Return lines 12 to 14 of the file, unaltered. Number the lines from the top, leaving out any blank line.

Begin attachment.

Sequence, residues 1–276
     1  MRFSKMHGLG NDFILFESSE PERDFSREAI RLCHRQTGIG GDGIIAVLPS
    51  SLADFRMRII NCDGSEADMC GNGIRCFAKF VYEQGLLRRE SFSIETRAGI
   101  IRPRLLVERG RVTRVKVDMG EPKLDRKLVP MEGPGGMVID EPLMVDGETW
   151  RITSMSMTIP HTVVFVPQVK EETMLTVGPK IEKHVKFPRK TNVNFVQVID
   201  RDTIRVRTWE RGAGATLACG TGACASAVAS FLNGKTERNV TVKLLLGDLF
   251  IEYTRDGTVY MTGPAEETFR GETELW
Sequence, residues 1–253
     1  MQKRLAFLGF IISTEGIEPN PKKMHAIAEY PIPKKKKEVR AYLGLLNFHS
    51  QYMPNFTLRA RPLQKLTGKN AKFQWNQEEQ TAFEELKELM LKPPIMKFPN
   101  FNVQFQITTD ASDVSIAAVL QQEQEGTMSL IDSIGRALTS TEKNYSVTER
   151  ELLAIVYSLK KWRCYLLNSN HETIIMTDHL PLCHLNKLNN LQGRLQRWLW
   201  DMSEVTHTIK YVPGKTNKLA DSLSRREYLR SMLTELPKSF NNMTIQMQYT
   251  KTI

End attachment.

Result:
   151  ELLAIVYSLK KWRCYLLNSN HETIIMTDHL PLCHLNKLNN LQGRLQRWLW
   201  DMSEVTHTIK YVPGKTNKLA DSLSRREYLR SMLTELPKSF NNMTIQMQYT
   251  KTI